Bury my heart in America

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Thanksgiving celebrations have special significance to Americans. For one day in November family, food, faith, and football bring us together in a spirit of gratitude unlike anywhere else in the world. Americans thankfully remember God had a hand in the hearts of those who first ventured to our eastern shores seeking simple freedoms we now take for granted.

My ancestry goes back to the Mayflower pilgrims and the earliest settlers of the colonies where freedom to worship was as important to being American as any other freedom Americans have come to enjoy.

It doesn’t take ancestry to have heartfelt dreams of freedom, or to belong to the exceptional American experience as my family has benefited from for four centuries. Consider the story of a tired American soldier and an Iraqi with a dream: to have his heart buried in America.

Platoon Sergeant Grant L. Pratt III, of the 1st Cavalry Division, supervised 23 other medics in one of the most dangerous neighborhoods of Baghdad. This letter home was sent September 11, 2007.

Dear family,

I wanted to take this opportunity to let everyone know of an experience I had here that really affected me.

I have wondered over the last seven months of my deployment if this war can be won militarily, or if there is any hope that this country can embrace a democratic government. In my eyes the people seem more intent on themselves and their contempt for other each other than [on] making things work here.

With the things I have seen, experiences, and watching friends die, I kind of believe that our endeavor here is pointless. I did not believe that there was a single Iraqi in this country that really cared if the violence stopped or that there were any that did not want to kill every American they see. Then I had something happen that gave me some hope.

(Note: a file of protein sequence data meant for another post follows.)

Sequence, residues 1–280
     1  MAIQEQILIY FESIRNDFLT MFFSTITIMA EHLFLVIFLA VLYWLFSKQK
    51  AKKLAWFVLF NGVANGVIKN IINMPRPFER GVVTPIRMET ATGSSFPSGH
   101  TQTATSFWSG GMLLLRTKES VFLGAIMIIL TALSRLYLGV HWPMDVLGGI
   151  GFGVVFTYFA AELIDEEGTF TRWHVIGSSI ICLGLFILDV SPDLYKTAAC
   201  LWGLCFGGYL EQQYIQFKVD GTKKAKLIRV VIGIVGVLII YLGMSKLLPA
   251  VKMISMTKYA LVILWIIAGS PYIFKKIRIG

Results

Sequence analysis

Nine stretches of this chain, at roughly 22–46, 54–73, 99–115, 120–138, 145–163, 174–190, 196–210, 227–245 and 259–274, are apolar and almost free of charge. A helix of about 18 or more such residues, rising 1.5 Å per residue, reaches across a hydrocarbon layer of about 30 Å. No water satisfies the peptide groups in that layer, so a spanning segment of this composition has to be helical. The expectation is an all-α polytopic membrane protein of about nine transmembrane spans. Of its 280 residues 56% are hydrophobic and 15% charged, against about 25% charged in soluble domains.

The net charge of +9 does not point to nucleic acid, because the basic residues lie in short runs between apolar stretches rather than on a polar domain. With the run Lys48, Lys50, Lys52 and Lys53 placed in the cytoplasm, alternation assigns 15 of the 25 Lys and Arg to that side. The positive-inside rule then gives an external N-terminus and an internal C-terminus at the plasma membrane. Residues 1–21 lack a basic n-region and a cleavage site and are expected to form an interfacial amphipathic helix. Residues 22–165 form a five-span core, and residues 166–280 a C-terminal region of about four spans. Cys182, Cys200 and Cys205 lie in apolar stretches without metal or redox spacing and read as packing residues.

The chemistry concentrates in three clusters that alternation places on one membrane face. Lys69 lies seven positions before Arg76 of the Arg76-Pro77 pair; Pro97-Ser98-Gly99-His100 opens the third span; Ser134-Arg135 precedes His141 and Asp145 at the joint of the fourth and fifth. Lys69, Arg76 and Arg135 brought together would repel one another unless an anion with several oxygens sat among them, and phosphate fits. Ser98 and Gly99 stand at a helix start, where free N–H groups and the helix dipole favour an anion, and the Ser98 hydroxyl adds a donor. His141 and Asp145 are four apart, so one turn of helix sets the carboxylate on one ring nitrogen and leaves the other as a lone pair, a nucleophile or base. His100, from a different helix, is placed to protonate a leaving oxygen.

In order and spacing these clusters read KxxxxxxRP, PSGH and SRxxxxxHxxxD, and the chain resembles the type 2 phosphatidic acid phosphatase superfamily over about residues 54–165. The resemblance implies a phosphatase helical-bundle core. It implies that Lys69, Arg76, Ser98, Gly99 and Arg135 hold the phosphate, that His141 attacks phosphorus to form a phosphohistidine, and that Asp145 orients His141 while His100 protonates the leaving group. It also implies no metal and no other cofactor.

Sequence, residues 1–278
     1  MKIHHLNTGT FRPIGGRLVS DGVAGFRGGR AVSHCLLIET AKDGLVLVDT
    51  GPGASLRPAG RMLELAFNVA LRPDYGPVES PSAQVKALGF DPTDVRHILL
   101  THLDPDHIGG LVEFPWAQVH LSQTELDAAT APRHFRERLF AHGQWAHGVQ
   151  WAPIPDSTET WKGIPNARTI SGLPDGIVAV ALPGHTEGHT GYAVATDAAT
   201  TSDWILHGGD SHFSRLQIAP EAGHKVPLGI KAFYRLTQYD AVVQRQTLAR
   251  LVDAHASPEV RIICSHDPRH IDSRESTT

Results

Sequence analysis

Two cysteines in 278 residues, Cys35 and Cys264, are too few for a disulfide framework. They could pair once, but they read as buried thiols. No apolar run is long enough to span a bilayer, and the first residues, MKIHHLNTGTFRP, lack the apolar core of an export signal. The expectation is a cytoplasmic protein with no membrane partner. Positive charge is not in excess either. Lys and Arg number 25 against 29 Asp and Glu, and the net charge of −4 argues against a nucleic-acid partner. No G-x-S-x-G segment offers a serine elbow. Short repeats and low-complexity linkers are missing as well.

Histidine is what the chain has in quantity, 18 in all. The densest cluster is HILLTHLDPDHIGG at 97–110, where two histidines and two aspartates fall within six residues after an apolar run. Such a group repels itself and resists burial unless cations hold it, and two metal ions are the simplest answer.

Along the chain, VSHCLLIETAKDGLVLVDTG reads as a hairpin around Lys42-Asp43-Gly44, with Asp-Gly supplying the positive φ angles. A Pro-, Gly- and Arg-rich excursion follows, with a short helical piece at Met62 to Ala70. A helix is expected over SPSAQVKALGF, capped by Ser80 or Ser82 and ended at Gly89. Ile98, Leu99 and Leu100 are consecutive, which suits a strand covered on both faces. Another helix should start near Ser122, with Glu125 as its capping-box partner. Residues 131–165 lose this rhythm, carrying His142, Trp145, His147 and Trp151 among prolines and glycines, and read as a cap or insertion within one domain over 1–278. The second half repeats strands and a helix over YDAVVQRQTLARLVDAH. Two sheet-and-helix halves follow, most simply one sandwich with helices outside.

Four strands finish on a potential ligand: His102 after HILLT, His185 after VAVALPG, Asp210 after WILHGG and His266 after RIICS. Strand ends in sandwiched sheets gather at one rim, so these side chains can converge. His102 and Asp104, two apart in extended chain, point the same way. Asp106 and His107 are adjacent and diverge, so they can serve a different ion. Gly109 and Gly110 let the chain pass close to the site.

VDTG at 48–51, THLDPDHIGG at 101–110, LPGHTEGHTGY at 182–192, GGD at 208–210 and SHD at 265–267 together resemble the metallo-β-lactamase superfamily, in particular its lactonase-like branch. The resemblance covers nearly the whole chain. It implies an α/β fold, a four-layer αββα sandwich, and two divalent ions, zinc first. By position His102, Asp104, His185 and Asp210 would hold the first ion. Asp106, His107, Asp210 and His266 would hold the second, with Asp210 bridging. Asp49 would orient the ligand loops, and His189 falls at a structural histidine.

About a month ago an Iraqi came to my aid station; he is one of the Iraqis that works with us as an interpreter. His name is Sam and he is 20 years old. He came to my aid station with a severely broken and lacerated finger after it was shut in the 300-pound door of an armored vehicle. I spent about two hours cleaning his finger and suturing it, all the while making small talk. He continually told me how he wanted to come to America and join our Army so he could come back and do more for Iraq. He told me of how he loved Americans and that all he wants is to become one.

I listened and talked with him until I was finished with my procedure and wished him well, and in my mind dismissed most of what he said as just words and never thought much else of it.

On September 9th it came across the radio that an explosion had hit one of our vehicles and we had one soldier killed, two wounded, as well as the interpreter that was with them. I put my gear on and went with the squadron commander to the hospital to check on our injured men.

It was quite a gruesome sight. First I saw my medic, who had minor wounds, then went to the young man who had served as the gunner. He had received blast wounds to the leg, which had torn away a majority of his outer thigh. I then went to view the body of our fallen brother who died due to a head injury. We helped console the other members of the platoon, as this was the second soldier they had lost in five days. Overwhelmed by the experience, we walked in to see the interpreter, which turned out to be Sam.

Sam had suffered severe lacerations to the head, resulting in over 40 sutures and staples. He had a small skull fracture and a small brain hemorrhage. Despite his severe injuries he would only ask how the others were doing. He was covered in blood and in extreme pain and just wanted to be sure that the soldiers he had been with were okay.